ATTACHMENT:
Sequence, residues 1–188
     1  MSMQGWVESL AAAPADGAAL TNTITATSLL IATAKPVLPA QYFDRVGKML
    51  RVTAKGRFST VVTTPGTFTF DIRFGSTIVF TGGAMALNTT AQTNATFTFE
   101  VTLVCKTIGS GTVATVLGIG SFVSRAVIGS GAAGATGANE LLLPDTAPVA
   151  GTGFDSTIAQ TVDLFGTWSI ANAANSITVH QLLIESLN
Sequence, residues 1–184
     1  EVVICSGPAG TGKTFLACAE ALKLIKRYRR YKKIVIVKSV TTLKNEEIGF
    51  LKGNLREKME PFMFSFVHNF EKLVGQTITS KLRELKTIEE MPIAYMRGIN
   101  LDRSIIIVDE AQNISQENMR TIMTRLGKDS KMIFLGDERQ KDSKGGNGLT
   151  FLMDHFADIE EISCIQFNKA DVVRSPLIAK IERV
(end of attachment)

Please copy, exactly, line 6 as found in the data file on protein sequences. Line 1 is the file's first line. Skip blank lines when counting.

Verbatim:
Sequence, residues 1–184